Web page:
It’s been quite the week in politics. The Prime Minister’s Brexit speech, a Northern Ireland election announcement, and now the inauguration of President Trump. Wherever you fall on the political spectrum, it’s clear that things aren’t straightforward, and haven’t been for a while.
Many of our significant political choices now seem to come in binary options. Are you in or out? Republican or Democrat? Narratives around these decisions have become divisive, and those who take opposing views can become demonised as we feel betrayed by fellow Christians who voted differently to us.
When the choice boils down to x or y, it can be easy to characterise outcomes as winning or losing. Brexit won. Republicans won. If you voted otherwise, you’re a loser… or so the logic goes. Things are black and white. Someone is either a ‘goodie’ or a ‘baddie’. Something is either ‘healthy’ or ‘unhealthy’. You either ‘win’ or you ‘lose’.
But it’s never really that simple, is it? Many Americans, Christians included, agonised for weeks and months over how to vote. And although good intentions do not necessarily mean a good outcome, we must not gloss over the complex ethical, moral, and spiritual decisions that the presidential election posed.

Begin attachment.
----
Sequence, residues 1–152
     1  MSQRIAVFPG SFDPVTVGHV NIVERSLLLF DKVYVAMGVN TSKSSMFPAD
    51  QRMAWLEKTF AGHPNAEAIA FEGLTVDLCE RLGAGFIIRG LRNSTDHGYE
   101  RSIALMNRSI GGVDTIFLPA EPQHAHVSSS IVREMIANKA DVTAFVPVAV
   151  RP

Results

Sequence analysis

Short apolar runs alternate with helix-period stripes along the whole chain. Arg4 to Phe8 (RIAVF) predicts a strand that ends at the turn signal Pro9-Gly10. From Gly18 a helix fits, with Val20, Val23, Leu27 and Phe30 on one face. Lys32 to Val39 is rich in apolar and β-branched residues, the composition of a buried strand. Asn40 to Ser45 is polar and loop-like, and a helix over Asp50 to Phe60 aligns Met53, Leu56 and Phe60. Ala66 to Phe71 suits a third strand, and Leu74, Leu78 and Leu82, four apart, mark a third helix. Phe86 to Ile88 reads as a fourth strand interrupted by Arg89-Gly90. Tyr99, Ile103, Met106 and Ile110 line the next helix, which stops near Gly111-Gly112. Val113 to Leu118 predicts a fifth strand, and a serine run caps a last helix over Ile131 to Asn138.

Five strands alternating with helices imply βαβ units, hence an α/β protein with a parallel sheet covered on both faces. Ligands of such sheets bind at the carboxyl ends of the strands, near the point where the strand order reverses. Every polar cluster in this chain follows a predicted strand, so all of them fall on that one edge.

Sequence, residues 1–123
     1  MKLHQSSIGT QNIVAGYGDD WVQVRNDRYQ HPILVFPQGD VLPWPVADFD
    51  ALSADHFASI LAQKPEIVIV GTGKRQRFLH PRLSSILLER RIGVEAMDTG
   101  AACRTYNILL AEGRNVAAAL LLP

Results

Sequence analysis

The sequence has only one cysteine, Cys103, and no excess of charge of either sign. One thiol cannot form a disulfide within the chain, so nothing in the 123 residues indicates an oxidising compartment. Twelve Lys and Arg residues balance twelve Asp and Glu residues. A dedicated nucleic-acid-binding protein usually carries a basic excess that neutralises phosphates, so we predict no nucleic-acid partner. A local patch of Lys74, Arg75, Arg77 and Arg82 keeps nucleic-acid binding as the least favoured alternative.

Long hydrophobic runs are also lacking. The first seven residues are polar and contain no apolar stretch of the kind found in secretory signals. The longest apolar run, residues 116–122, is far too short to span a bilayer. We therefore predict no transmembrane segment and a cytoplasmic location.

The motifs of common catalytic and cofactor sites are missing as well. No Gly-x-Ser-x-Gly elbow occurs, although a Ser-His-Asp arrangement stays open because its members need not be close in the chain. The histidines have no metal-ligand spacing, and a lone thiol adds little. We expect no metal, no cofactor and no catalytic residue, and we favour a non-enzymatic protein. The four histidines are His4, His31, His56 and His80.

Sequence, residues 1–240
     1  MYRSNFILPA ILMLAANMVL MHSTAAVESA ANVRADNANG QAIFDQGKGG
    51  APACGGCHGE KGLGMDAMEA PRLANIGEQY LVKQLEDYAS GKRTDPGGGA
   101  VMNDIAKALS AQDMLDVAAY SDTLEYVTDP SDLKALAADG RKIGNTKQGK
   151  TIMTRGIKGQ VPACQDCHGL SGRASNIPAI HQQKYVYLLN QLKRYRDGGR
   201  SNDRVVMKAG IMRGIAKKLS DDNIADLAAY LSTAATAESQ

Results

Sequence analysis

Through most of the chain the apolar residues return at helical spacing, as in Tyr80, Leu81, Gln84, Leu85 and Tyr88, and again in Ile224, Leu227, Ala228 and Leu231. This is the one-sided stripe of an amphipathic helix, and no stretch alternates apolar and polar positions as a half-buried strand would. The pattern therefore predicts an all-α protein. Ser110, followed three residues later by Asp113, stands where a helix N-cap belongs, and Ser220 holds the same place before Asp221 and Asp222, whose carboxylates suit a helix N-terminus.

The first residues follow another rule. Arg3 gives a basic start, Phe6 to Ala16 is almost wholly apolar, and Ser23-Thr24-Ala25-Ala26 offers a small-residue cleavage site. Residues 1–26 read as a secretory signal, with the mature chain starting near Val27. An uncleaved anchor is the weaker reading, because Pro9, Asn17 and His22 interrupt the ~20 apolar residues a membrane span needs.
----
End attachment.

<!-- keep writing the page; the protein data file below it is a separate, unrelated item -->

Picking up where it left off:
As the rubber hits the road today with President Trump’s inauguration, it’s easy to throw stones at the other side, to be smug if you’ve ‘won’, or bitter if you’ve ‘lost’.
But what if we did something radical, and refused to play the game of ‘us’ vs. ‘them’? What if we saw those we differ from politically simply as people like us, fallen and broken, but trying their best? What if we remembered that, although God is fazed by injustice, misogyny, and racism, he is still sovereign, and our ultimate hope lies not in politicians, Brexit, or the single market, but in our God who suffered and died for us on a Roman cross?
As Christians, as people of the Risen King, we know that God can bring good out of any circumstance. We know that, ultimately, through Jesus, we have a hope that is not of this world.
So maybe we don’t have to see it as a ‘win’ or a ‘lose’ situation. Maybe, instead, it’s an opportunity for a more radical, possibly even counter-cultural, commitment to follow the New Testament mandates – to honour the governing authorities, to pray for our leaders, and – no matter their political views – to love our neighbours as ourselves.